Responsive Web Design The Next Hope or Hype?

Responsive Web Design The Next Hope or Hype?

Responsive Web Design The Next Hope or Hype?



responsive web designEver visit a company website via your mobile only to find that the site is too hard or irritating to navigate? Chances are you gave up on the site and went to the company’s competitor.

Now, imagine similarly driving away your potential and existing customers because your site isn’t made for a mobile era.

To prevent that from happening, consider using Responsive Web Design, which adapts a site’s layout to various device types. Images, button, grids, and text are automatically resized to provide the best user experience.

An increasingly popular approach to addressing mobile traffic is to use a Responsive Web Design methodology. Responsive designs “respond” to or resize and adapt themselves to a wide range of screen resolutions, allowing a common user experience across multiple devices.

This approach has benefits for users, marketers, developers, and the business’s bottom line.

Seamless User Experience
Rather than designing separate sites for the variety of screen resolutions hitting your website, a responsive design can target all of them and deliver a user experience that customers will be familiar with as they change devices.

Users who bookmark a site with an app, like Pocket, Instapaper or Pinboard, will automatically see a similar design later on another device. And, if they share the URL on social media sites, a single URL will benefit both mobile and desktop users.

SEO & PPC Benefits
Google’s help page on “Building Smartphone-Optimized Websites” recommends a responsive web design above other approaches. They suggest that a single URL helps Google assign indexing properties for the content, load time is reduced because no redirection is needed, and it saves resources for your site and Google’s crawlers. These can certainly help your site rank higher in the search results.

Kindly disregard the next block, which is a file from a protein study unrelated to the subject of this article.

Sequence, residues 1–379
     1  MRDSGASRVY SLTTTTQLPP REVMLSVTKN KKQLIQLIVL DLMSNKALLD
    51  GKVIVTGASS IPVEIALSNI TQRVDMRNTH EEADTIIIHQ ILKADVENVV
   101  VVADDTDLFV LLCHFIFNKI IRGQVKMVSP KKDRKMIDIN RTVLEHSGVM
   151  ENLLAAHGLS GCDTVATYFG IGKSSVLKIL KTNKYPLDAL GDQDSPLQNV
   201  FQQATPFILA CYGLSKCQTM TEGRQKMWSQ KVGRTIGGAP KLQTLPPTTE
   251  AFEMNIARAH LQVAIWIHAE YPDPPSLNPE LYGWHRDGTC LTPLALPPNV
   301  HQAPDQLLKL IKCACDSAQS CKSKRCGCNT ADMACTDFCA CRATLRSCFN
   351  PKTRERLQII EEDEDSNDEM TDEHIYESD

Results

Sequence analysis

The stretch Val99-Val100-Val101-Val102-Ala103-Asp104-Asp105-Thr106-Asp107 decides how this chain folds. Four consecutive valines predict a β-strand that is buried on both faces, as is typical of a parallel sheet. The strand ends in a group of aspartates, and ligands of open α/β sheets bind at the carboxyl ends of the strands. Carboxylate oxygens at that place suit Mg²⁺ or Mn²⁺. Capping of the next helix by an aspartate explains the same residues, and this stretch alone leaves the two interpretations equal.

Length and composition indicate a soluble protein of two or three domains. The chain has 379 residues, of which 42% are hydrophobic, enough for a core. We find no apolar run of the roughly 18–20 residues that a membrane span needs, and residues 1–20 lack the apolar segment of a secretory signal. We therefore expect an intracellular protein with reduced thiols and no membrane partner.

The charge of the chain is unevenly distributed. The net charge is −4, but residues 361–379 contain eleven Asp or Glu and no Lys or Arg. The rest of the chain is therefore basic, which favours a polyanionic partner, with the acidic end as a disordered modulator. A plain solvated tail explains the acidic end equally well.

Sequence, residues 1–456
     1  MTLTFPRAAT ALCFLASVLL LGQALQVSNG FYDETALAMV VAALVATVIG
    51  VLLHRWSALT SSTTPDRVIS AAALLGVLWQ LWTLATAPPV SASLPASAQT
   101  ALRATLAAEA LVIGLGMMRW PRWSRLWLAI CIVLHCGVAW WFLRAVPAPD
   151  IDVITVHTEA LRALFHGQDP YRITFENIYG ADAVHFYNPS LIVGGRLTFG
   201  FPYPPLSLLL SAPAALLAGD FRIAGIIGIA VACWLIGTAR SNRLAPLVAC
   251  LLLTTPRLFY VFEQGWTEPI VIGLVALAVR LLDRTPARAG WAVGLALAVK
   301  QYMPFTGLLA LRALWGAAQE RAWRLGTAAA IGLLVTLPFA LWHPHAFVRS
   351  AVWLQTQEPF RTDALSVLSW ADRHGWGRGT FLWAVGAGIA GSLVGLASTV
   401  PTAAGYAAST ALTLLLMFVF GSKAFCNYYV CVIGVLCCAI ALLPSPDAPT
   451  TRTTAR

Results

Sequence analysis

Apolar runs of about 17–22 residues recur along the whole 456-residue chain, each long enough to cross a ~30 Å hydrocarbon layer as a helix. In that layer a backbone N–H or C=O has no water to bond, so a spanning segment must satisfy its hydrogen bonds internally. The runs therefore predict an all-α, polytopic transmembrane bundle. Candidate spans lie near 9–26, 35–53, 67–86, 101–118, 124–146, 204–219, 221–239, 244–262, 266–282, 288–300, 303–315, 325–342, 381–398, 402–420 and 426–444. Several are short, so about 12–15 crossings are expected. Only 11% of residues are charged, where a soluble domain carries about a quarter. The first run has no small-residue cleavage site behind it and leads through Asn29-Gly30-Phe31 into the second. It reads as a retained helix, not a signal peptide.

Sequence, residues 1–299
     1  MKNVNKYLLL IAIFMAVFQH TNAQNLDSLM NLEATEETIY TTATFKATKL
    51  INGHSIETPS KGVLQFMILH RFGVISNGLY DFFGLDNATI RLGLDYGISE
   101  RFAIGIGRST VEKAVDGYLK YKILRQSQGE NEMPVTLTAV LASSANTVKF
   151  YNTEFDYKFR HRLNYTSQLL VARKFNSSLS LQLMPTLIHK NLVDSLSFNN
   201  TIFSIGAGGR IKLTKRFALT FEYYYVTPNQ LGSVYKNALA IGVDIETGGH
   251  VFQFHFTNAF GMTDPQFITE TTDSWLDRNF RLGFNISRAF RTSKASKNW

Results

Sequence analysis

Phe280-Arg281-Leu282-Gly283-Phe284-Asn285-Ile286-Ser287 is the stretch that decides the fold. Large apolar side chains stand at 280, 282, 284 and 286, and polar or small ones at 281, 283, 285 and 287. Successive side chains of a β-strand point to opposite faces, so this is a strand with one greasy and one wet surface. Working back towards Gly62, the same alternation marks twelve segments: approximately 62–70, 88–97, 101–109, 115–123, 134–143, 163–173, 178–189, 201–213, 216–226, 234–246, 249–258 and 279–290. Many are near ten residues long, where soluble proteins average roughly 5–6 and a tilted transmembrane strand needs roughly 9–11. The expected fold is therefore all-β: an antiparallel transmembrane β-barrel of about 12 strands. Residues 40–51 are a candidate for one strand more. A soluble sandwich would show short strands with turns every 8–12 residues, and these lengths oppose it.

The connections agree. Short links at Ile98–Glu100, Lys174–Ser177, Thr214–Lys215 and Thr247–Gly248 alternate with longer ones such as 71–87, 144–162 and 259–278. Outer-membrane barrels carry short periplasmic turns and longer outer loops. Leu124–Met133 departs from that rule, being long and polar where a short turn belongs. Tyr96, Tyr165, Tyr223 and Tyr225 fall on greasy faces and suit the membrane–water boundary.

Now that Google AdWords has moved everyone to “enhanced campaigns”, targeting of devices does not differentiate between desktop and tablet users. A responsive web design can cater to the tablets with the same landing page as for desktops, making PPC campaign management easier.

Simplified Analytics and Reporting
A single URL for a responsive website means that there is a single set of analytics to examine and report. The consolidated reports can make it easier to analyze conversion paths and funnels to figure out where improvements need to be made.

Common Code Base
As many software developers will tell you, less is better. A responsive web design is implemented with a single set of source code, which means any changes can be made in just one place and seen by all visitors to the site. The simplified development process can reduce the costs and time to update the website.

Higher Conversion Rates
For most us, what really matters is how well our website converts. By using responsive web design to increase the focus on smartphone and tablet users while still addressing desktop users, the overall conversion rate for your site will likely increase. Your share of the mobile pie awaits!